Categorized | Housing, Money, Southern Bronx

Open Vacant Buildings to Low-Income Families, Housing Advocates Urge


Within a span of fewer than 10 blocks, three buildings on Courtlandt Avenue tell the South Bronx’s version of New York City’s housing crisis.

On the corner with 161st Street, construction workers complete the last floor of a new, nine-story building. Between 152nd and 153rd, a set of elegant, newly built condos lays vacant, but boarded up to avoid squatters. A block away, a crumbling building is covered in notices to vacate due to perilous conditions, but some windows are open and the premises seem occupied nonetheless.


Eviction notices posted on this vacant Courtlandt Avenue building say the place is perilous. Photo by Alice Speri

Much like other stretches of New York City, this section of Melrose has recently turned into a construction site. Within a few blocks, longtime residents can no longer afford to pay rent, high-rise buildings wait for the cash necessary to complete construction, and brand new condos remain unoccupied, waiting for tenants turned away by the economic downturn.

In the South Bronx alone, 93 buildings are empty, according to the group Right to the City, which is slated to release in the spring the full findings from a survey it did of unoccupied and incomplete developments throughout the city.

With the housing market nearly frozen by the recession and growing numbers of Bronx residents without a home, some city officials and community organizers are considering converting these empty constructions into affordable housing, that is, if they can agree on what affordable means.

The Housing Asset Renewal Program (HARP), a $20 million pilot initiative launched last August by the city Department of Housing Preservation and Development, offers financial support to developers to complete or convert their buildings on the condition that some of the units are put on the market at lower prices.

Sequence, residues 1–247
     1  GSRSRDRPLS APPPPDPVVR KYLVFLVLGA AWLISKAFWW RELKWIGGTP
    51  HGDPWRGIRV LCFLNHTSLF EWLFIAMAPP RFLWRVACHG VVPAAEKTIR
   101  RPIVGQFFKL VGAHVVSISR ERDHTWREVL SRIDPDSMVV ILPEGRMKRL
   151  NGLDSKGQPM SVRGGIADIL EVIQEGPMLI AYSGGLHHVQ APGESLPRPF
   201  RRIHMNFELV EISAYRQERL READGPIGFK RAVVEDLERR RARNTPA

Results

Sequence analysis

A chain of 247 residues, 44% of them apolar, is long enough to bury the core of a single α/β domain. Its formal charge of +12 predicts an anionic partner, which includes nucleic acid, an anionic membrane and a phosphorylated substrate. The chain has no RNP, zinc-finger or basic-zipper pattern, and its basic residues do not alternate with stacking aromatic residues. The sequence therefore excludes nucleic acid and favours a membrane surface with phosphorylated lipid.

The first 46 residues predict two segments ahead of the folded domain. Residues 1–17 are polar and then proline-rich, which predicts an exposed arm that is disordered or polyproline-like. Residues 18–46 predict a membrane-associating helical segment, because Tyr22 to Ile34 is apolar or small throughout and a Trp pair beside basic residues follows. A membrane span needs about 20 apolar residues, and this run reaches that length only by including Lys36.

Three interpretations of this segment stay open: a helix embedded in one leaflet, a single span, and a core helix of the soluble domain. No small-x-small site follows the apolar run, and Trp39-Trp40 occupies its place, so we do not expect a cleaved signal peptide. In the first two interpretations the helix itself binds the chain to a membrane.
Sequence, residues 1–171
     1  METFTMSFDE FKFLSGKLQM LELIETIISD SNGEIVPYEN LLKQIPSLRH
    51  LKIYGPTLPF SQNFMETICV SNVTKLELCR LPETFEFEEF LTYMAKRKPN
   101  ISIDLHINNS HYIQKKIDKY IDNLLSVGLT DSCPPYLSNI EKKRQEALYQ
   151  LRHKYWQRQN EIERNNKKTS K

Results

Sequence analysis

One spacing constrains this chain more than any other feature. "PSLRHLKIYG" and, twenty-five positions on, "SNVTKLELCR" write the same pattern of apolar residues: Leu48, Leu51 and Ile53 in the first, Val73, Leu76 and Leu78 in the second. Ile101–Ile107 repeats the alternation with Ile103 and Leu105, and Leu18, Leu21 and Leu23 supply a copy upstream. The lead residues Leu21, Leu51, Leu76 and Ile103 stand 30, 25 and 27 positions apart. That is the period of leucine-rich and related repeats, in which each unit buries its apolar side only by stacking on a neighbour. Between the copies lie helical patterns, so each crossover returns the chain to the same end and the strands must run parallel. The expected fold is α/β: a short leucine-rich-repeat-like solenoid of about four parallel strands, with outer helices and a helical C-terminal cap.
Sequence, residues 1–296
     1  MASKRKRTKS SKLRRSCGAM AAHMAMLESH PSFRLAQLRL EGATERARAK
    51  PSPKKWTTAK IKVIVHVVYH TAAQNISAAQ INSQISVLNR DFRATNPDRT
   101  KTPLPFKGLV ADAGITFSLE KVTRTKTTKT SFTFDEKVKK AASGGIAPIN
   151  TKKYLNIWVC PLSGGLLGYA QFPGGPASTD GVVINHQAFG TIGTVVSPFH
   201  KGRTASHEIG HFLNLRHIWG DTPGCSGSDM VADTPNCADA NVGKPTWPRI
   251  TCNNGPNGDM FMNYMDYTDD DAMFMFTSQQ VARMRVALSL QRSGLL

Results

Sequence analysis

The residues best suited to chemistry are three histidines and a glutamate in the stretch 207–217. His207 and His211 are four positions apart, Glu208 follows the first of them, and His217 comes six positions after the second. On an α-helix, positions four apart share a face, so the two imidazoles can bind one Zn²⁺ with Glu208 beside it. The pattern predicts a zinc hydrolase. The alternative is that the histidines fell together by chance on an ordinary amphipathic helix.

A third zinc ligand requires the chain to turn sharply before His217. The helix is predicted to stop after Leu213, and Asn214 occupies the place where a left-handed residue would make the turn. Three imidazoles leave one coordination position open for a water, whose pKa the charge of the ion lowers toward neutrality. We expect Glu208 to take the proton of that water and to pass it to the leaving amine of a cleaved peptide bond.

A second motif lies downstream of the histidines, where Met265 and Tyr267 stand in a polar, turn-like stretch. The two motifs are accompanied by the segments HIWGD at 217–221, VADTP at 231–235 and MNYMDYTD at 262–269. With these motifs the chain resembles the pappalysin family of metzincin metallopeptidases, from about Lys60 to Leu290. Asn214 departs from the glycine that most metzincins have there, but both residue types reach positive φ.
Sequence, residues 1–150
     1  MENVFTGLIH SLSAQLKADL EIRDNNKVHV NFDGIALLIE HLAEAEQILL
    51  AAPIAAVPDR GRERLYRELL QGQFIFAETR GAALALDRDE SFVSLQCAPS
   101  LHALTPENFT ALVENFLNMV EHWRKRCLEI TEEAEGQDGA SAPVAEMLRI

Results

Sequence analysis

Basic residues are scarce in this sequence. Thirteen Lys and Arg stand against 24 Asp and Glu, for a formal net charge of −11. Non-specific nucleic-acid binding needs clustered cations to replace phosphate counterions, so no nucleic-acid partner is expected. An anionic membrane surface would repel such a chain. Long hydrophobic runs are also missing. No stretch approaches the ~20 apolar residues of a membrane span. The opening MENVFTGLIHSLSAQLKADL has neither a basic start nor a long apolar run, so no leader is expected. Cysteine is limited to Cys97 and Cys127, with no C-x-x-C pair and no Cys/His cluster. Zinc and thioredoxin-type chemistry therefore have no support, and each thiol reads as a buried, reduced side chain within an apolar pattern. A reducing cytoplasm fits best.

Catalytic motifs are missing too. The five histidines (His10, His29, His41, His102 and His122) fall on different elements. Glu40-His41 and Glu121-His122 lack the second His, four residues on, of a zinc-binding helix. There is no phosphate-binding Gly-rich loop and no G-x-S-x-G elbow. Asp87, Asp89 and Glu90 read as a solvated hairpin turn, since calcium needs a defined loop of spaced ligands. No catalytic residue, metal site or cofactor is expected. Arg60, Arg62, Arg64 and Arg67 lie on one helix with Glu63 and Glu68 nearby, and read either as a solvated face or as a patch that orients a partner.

Experts, however, say the incentive to developers may not be enough to generate interest. Community activists, on the other hand, fear the program won’t benefit those most in need.

The program calls for rents that are affordable to households with incomes at or below $99,800 for a family of four, or $69,900 for an individual. The average household income in the Bronx is less than $34,000.

“HARP won’t benefit folks of low income,” said Nova Strachan, the housing justice director for the Hunts Point-based group Mothers on the Move. The group is one of 15 community organizations that joined Right to the City in conducting its survey of vacant properties. Strachan compared the initiative to the construction of the new Yankee Stadium. “They spent over $300 million to build this stadium, they put a Hard Rock Café right next to a McDonald’s, ” she said. “That’s beautiful, but for the folks that live here and struggle every day, how does that benefit us?”

In the six neighborhoods Right to the City surveyed, it found 601 vacant buildings, a stark difference from the approximately 400 the Department of Buildings estimates for the entire city.

Right to the City’s member organizations are calling for the conversion of the vacant buildings into housing for families with lower incomes than what the HARP guidelines call for.


On Courtlandt Avenue, between 152nd and 153rd Streets, new apartments lay vacant and boarded up to discourage squatters. Photo by Alice Speri

In short, the city’s definition of what is affordable needs to be rescaled.

“It’s outrageous, $20 million directed at the middle class and upper-middle class is not really an ideal use of funds,” said John Tyus, a Bronx native and spokesman for the group Families United for Racial and Economic Equality. Tyus added that the money appears to be a bailout of irresponsible developers.